1. Let us begin with the category axis. Select this axis, and right-click to bring up the contextual menu you see in Figure 4, below. Choose the Format Axis option.
  2. Format Axis option selected
    Figure 4: Format Axis option selected
  3. Doing so brings up the Format Axis dialog box that you see in Figure 5, below. Make sure that the Scale option is selected within the sidebar. Then, make sure that the Vertical axis crosses between categories check-box is selected as shown highlighted in red within Figure 5, below.
  4. Change the position where the Vertical axis crosses Horizontal axis
    Figure 5: Change the position where the vertical axis crosses the horizontal axis
  5. Next, within the Vertical axis crosses at category number box, highlighted in blue within Figure 5, above, type the category number before which the axis should move to. We typed in 10 for our sample data. The resultant chart can be seen in Figure 6, below, where the axis now shows between the 9th and the 10th category.
  6. Value axis crossing Category axis before 10th category
    Figure 6: Value axis crossing category axis before 10th category
  7. This solution brings forth a problem of its own. The axes labels now overlap one of the columns! To solve this problem, select and right-click any chart element and choose Edit Data in the resultant contextual menu, as shown in Figure 7, below.
  8. Select Edit Data option
    Figure 7: Select the Edit Data option
  9. Doing so brings up the same data that we last saw in Figure 2, above. We will now insert a blank row after the 9th row, and while we leave the category name blank, we will add a zero value for the Profits column, as shown in Figure 8, below.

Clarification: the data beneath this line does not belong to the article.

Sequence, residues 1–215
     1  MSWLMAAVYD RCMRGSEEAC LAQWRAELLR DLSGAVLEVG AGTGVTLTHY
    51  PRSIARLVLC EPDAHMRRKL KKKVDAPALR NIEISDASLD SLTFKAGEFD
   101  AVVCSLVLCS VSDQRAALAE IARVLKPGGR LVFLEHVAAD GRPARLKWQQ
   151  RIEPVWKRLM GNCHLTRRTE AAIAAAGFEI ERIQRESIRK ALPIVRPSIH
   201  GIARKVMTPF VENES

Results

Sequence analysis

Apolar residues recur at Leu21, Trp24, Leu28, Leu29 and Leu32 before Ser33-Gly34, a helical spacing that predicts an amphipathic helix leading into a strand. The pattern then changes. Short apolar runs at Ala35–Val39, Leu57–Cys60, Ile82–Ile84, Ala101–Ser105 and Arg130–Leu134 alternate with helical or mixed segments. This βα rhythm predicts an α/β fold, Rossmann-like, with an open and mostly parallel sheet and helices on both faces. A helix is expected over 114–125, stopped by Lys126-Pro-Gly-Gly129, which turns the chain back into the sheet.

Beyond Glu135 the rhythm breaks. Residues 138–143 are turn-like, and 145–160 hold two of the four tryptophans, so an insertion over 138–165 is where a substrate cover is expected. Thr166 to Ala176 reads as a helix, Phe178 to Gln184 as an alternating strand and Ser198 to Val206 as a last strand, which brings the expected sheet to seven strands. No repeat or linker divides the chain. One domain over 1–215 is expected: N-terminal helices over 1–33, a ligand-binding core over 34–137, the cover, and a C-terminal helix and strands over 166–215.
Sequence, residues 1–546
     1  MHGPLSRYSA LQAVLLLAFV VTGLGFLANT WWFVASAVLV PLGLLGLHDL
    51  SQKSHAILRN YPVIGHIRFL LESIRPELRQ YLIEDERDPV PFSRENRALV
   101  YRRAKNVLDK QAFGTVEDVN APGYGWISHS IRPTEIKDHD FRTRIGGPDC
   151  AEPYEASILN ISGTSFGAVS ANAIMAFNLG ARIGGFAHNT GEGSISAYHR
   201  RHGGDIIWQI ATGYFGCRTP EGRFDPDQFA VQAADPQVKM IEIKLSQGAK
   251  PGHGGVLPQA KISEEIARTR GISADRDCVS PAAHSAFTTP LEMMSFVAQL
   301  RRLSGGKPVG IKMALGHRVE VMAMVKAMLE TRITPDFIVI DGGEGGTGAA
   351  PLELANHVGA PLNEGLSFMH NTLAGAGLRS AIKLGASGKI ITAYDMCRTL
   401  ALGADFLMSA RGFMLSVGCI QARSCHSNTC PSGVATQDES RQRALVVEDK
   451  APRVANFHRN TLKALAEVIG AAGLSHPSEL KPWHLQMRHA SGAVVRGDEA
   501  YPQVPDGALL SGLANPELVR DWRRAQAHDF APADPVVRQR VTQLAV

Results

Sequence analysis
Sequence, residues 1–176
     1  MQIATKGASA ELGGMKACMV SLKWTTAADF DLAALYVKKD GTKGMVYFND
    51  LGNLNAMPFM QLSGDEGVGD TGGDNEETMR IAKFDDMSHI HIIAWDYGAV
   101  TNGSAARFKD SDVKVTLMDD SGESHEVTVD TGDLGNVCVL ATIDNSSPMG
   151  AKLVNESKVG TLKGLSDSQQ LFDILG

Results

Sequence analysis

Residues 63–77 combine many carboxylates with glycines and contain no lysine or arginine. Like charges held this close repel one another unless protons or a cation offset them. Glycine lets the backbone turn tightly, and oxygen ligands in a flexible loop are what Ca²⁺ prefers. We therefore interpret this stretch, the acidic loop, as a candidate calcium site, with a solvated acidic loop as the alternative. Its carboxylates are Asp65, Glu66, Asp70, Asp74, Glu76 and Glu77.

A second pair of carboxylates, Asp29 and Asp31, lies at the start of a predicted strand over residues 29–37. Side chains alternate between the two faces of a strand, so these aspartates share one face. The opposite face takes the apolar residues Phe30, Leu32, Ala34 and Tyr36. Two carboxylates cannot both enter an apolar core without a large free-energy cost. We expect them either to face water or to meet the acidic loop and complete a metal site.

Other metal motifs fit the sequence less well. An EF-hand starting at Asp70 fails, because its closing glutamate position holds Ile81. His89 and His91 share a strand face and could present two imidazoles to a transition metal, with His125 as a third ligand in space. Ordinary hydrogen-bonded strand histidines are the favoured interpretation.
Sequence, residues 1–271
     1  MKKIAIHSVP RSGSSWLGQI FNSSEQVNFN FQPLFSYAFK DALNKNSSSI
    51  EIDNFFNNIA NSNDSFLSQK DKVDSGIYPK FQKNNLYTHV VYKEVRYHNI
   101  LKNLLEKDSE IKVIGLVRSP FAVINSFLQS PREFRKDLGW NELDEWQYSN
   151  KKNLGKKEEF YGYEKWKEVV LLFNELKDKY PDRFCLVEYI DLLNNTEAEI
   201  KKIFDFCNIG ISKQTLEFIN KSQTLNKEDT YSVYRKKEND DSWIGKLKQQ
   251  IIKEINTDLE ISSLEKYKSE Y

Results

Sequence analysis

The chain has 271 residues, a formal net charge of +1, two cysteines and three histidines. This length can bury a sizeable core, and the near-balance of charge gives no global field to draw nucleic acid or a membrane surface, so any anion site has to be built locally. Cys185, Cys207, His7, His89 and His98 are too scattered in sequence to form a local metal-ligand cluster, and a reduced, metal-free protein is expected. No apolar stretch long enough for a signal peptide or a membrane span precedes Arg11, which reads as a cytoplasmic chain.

10. Blank row added within the Excel data sheet
    Figure 8: Blank row added within the Excel data sheet
  11. The resultant chart is so much clearer. Notice the empty area that displays your category axis labels so well in Figure 9, below. Do compare with Figures 6 to see this difference!
  12. A cleaner crossed axis
    Figure 9: A cleaner crossed axis
  13. Now for the value axis, notice that the value axis is already at the zero level (see Figure 9), with negative values below the axis, and positive ones above. Ideally, this is exactly how this should be, so the only reason we are showing you how to change this crossed location is so that you can be aware of how to manually make this change. Select the value axis, and right-click to bring up the contextual menu, you saw in Figure 4. Choose the Format Axis option.
  14. This step brings up the Format Axis dialog box that you see in Figure 10. Make sure that the Scale option is selected within the sidebar. Also make sure that you deselect the Horizontal axis crosses at check-box to take it off Auto mode, and then enter -6 within the box as shown highlighted in red within Figure 10, below. Once done, click the OK button.